Cold outside, uncomfortable, few if any races on the schedule…. the running season is over, the discussion on runner’s websites seems to have switched to either how to stay fit during this time of holiday stress and festive overeating, or what to plan for next year.
The talk is of the off-season.
How, though, can there be an off-season to running when running is a part of life?
And, it can be loads of fun ;)
We wouldn’t be taking some time off from our lives, after all – or would we?
I find the theme fascinating, for it points to some of the deep truths of life that are so often going missing in these times of the industrial schedule. Jobs require that work be done all the same, summer or winter, low tide or high water, day or night… but we aren’t made for that.
Rocks may not have a life, but even they are influenced by the weather and the seasons. All living things certainly have their times and rhythms. We forget that at our own peril, and research into accidents and health problems shows that the graveyard shift, for example, bears the right name, for more reasons than just the time when it takes place. It is indeed a hazard, both as a cause of accidents and as a source of health problems.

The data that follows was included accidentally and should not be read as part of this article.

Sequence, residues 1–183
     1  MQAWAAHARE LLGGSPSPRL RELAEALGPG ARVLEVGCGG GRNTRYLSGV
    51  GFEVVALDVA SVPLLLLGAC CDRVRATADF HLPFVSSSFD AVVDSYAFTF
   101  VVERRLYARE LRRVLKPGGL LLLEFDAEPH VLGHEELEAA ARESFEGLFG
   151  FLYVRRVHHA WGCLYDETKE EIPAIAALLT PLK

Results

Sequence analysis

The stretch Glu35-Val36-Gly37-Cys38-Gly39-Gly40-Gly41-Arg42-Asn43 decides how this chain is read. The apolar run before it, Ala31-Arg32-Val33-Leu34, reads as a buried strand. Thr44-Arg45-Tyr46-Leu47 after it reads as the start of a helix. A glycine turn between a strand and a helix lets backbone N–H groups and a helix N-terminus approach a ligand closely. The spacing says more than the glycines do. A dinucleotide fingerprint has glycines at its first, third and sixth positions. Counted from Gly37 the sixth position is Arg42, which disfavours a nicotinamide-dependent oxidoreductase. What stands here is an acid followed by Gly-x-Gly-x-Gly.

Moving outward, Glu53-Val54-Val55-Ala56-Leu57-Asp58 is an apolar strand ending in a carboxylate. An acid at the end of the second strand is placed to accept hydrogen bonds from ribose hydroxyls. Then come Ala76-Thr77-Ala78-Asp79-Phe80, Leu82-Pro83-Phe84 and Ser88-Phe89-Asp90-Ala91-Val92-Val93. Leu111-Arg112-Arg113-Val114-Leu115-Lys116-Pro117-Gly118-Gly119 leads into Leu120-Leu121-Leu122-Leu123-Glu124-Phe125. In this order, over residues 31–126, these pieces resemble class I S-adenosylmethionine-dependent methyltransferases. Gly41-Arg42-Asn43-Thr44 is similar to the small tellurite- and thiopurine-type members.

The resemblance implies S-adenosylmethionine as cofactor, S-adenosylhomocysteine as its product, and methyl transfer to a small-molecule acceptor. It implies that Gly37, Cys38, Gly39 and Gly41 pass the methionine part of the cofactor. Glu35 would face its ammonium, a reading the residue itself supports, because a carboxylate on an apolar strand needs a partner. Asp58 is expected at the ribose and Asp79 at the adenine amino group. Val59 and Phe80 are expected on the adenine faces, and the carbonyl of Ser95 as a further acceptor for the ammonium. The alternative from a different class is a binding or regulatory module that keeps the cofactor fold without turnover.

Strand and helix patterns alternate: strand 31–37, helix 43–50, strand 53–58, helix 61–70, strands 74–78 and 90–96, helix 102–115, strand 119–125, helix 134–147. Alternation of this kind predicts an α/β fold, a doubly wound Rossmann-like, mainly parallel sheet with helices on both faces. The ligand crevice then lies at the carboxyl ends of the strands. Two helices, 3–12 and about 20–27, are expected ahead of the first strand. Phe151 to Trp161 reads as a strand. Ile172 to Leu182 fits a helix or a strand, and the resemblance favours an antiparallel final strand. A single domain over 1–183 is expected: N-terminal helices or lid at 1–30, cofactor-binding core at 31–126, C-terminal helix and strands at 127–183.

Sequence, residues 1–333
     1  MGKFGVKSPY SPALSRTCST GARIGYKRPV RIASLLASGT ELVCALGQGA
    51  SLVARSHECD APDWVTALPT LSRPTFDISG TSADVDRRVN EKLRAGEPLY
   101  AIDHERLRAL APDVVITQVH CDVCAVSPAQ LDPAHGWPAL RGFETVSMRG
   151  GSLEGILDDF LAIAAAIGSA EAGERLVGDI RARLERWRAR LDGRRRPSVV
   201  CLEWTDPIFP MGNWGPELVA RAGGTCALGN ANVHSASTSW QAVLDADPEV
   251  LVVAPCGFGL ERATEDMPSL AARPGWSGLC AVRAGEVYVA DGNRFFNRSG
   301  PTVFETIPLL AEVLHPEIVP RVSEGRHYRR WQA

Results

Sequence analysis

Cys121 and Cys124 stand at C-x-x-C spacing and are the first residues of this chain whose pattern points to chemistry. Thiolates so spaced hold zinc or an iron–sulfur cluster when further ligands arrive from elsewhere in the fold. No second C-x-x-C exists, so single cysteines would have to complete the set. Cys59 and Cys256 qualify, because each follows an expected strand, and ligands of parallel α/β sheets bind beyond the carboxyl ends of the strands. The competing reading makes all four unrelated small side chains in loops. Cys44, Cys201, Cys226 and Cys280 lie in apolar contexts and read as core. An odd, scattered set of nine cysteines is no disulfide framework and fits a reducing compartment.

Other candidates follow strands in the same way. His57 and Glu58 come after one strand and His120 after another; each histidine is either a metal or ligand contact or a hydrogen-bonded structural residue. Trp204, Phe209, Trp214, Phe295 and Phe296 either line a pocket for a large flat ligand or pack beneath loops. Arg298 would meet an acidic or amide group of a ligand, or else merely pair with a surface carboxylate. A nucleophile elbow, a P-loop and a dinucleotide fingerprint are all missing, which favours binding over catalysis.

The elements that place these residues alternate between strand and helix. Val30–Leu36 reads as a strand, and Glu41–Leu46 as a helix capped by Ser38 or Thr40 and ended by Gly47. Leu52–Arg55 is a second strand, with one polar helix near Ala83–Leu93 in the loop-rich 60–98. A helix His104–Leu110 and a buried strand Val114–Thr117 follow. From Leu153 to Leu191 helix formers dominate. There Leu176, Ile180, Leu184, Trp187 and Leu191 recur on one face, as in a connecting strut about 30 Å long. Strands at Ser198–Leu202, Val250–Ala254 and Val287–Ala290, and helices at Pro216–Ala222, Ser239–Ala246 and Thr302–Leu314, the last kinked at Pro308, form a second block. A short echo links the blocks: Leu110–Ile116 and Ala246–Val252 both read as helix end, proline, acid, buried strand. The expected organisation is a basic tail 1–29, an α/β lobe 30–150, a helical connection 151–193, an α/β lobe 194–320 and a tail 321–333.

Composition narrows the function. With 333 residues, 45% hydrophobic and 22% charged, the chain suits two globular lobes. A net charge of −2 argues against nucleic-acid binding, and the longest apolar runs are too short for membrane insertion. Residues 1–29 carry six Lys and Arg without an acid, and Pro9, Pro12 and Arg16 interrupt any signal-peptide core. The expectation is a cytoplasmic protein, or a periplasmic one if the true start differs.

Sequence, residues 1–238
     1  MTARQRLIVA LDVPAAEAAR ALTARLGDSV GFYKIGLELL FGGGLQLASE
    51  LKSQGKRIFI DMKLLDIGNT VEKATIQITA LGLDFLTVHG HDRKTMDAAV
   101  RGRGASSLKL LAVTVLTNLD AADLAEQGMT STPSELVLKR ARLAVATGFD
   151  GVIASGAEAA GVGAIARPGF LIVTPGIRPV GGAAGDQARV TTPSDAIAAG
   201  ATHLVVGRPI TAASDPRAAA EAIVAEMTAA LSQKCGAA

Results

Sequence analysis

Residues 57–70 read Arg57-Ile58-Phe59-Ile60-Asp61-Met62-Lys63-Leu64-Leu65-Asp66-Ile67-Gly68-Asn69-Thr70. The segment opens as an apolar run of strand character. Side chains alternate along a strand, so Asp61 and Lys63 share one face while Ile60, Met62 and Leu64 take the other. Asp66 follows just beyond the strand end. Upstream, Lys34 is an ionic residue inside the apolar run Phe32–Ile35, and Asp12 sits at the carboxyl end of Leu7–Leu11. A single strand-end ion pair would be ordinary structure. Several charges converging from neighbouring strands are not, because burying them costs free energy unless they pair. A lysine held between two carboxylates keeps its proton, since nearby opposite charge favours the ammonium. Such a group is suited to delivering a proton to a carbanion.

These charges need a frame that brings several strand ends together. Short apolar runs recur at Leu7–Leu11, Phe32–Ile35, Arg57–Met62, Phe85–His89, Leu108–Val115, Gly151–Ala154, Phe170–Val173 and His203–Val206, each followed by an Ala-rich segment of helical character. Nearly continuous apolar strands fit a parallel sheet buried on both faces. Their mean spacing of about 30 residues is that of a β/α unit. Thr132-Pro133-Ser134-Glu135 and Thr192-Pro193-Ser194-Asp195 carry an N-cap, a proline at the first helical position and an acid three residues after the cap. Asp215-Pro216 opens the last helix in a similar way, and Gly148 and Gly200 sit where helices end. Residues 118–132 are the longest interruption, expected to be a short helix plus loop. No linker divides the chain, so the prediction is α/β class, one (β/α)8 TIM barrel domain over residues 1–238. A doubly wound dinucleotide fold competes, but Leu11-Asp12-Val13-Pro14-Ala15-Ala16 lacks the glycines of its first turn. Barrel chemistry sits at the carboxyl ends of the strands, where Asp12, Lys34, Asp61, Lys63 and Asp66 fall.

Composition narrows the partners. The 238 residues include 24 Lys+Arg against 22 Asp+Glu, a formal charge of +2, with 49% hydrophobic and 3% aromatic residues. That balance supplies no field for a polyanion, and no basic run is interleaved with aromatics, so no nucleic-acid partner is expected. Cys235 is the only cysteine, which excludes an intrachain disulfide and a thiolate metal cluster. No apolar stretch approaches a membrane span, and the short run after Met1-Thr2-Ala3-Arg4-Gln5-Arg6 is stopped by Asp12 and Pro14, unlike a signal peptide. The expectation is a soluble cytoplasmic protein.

So, it would be a good idea to follow natural cycles and take winter as a better time for taking it easy than for training hard.
Then again, there is no other time when it is more advisable to move regularly and get out of overheated homes, which are either too dark in the day or too bright even at night, and out of kitchens full of winter time’s sugary and fatty treats.
This time of year, with the dark and cold, it takes fat, sugar and spice to raise the mood – but then, it also would take physical activity in the cold to go with it, to get what sunlight there is at the right (day)time for it, and get into the cold and work that burns off those calories.
Different times of the year and different times of a life should have a different focus.
Looking at runners who hurt themselves and should rest or cross-train but are so enamored of their sport, they can’t pause even if it would allow them to come back stronger, only drives that point home all the more.
There is no time out from life, no off-season to better action, though.
“Should I run or not? Now, later or tomorrow?” should not be questions for a (healthy) runner. Keep your equipment at the ready, and go.
Same with other aspects of life.
“Should I cook or eat crap?” (Not that anybody would ask it like that, but, all too often, it is the actual choice.) Buy sensible ingredients, have the tools at the ready, learn how to make better meals more easily – and a bowl of rice and some steamed or stir-fried vegetables is great and done in a matter of minutes – and do something, in your life and for your better living.
Or what, do you want to just vegetate when you should be abuzz with life, whether that be exotic adventure, nearby exploration, or the pleasure of maintenance work of life well mastered?
Life won’t last long anyways, so be here, in it, while it does.